If someone you care about is considering suicide, learn the warning signs, and offer help and support. For more information about suicide prevention please visit the National Suicide Prevention Lifeline or call 0207373222 any time, day or night.
Encourage them to practice good self-care during this difficult time.
Self-Care for Friends and Family
It’s important to know that there is no normal or one way to react when you find out someone you care about has survived an act of sexual violence. Regardless of what you’re feeling, these emotions can be intense and difficult to deal with. Learning how to manage these feelings can help you support the survivor in your life and can help you feel less overwhelmed.
How am I supposed to react?
There is no “right” reaction to hearing that someone you care about has survived an act of sexual violence. You may experience some of the following emotions:
Anger. You might feel anger for a number of reasons: towards yourself for not being able to protect the survivor; towards the survivor for telling you about something that is hard to hear, or because they waited a period of time before telling you; or towards the perpetrator for carrying out the assault and hurting the survivor. It can be difficult to keep anger from affecting the way you communicate. Let yourself acknowledge this emotion and find another outlet to express it.
Anxiety. You might feel anxious about responding the “right” way or worried about how this event will impact your relationship with the survivor. Reassure the survivor that the assault was not their fault and that you believe them. These can be the most powerful and helpful words for a survivor to hear.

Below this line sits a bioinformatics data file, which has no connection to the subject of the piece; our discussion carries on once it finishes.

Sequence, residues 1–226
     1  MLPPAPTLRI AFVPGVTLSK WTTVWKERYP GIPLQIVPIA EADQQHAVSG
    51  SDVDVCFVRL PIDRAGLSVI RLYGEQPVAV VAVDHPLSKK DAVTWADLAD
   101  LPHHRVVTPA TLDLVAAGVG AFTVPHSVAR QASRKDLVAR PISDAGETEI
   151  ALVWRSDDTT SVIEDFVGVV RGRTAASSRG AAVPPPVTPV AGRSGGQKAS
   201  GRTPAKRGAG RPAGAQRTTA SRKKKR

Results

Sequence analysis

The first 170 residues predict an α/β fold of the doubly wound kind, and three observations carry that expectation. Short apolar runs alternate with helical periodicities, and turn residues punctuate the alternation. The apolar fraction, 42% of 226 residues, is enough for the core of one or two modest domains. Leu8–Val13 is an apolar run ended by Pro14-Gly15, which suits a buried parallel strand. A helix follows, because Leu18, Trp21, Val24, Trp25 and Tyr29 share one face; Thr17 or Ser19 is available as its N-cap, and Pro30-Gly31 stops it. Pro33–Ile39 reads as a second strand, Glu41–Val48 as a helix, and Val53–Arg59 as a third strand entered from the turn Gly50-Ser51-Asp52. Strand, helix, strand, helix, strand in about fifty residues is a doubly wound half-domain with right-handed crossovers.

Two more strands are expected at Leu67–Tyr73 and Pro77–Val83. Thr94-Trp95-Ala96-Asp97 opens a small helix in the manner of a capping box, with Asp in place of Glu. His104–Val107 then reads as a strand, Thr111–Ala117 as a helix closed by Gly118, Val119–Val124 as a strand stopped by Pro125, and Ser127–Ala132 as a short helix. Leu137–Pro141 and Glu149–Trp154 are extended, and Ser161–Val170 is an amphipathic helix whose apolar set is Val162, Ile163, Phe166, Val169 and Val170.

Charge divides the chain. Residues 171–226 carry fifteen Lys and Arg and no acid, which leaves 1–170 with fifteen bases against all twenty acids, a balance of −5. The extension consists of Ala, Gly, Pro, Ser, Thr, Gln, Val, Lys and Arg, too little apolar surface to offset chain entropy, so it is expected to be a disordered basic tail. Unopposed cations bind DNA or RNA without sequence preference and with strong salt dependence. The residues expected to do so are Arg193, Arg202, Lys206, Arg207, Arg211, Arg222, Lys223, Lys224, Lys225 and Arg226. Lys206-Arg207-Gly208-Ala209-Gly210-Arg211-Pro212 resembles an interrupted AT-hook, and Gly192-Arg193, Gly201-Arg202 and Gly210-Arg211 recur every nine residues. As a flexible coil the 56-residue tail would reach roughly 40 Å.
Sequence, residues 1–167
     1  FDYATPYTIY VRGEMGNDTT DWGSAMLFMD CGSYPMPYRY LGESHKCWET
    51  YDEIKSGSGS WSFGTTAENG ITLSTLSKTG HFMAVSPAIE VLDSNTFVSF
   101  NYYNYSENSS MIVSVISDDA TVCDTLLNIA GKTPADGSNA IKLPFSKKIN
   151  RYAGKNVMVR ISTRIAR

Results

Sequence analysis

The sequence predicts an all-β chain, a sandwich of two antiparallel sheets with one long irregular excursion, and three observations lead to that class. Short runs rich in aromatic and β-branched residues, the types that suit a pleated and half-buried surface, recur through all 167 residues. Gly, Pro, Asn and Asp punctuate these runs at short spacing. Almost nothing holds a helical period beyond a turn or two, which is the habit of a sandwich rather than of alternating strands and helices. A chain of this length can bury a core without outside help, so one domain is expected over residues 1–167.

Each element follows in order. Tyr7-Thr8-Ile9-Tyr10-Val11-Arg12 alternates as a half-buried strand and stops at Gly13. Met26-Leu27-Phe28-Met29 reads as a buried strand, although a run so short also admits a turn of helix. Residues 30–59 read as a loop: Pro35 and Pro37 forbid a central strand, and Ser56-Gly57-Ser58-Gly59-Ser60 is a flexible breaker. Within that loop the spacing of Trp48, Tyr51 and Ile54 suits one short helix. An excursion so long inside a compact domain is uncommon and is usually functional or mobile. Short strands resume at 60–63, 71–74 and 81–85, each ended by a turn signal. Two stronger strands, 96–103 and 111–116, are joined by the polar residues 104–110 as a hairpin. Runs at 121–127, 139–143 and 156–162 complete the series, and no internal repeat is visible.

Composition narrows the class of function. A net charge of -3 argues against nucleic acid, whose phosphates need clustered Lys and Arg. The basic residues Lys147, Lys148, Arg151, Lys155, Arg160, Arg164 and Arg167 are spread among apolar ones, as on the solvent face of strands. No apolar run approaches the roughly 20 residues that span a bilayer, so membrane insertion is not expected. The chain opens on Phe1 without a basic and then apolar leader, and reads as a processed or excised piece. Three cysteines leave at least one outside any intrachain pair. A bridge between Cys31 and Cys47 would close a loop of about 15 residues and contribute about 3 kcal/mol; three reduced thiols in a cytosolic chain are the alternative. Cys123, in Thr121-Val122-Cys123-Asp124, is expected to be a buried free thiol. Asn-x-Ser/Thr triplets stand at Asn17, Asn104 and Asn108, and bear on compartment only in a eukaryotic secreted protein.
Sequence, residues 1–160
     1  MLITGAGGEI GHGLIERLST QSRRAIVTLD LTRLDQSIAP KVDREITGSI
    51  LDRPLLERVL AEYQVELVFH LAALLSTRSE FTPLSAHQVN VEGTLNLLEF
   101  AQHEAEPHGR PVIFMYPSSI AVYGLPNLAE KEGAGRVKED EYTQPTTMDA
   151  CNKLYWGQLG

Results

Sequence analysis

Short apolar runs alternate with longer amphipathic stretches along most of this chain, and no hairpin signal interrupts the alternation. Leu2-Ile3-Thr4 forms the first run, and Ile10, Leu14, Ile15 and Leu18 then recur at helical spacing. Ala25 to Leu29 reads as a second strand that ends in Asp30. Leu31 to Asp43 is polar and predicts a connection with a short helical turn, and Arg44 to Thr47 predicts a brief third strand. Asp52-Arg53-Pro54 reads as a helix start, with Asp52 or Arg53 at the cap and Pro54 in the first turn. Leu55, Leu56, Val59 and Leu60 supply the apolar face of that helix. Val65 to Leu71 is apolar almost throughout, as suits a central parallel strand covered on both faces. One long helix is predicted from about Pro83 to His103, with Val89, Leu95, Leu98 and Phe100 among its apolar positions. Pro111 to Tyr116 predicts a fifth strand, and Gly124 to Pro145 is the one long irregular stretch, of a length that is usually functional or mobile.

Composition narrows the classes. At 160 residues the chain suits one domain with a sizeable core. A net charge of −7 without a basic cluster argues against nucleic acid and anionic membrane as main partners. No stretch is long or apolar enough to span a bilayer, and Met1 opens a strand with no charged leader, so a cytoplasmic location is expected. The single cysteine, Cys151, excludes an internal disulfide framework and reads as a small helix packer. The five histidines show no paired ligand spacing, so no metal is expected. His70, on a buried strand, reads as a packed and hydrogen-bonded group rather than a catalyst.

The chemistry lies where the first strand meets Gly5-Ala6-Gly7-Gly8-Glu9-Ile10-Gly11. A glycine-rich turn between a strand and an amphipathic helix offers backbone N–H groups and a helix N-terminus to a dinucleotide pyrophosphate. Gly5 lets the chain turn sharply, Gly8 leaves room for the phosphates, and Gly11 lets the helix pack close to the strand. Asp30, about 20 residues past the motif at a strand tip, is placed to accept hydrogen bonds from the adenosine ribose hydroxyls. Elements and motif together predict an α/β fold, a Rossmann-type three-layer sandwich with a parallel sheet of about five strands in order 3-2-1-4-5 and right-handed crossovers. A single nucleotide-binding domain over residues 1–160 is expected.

Confusion. You might feel confused by what you’re hearing. You might not understand how it could happen or why it has happened. Sadly, sexual assaults are more common that we’d like to think. Although you may be struggling with feelings of confusion, especially if you know the perpetrator, you should always try to believe the survivor. They are never to blame for the assault.
Disbelief. When you first hear about the assault you might be surprised or shocked, and you might have trouble believing the assault happened. After a traumatic experience, it’s common for survivors and those around them to experience denial. It’s important to focus on believing the survivor and acknowledging their story.
Guilt. You may feel guilty that you could not prevent the assault from happening or that the survivor didn’t feel comfortable telling you about the assault right way. You may feel guilty that something so terrible happened to someone else and not to you. It can be helpful to refocus your energy on making the survivor feel supported as they move forward.
Sadness. When you learn that a trauma like sexual assault happened to someone you care about, it’s normal to feel sad, hopeless, worried, or powerless. You might feel sad for the survivor or mourn how this has changed their life. If you know the perpetrator, you might feel sad for how this has changed your life as well. Self-care strategies and coping skills can help you move through these feelings.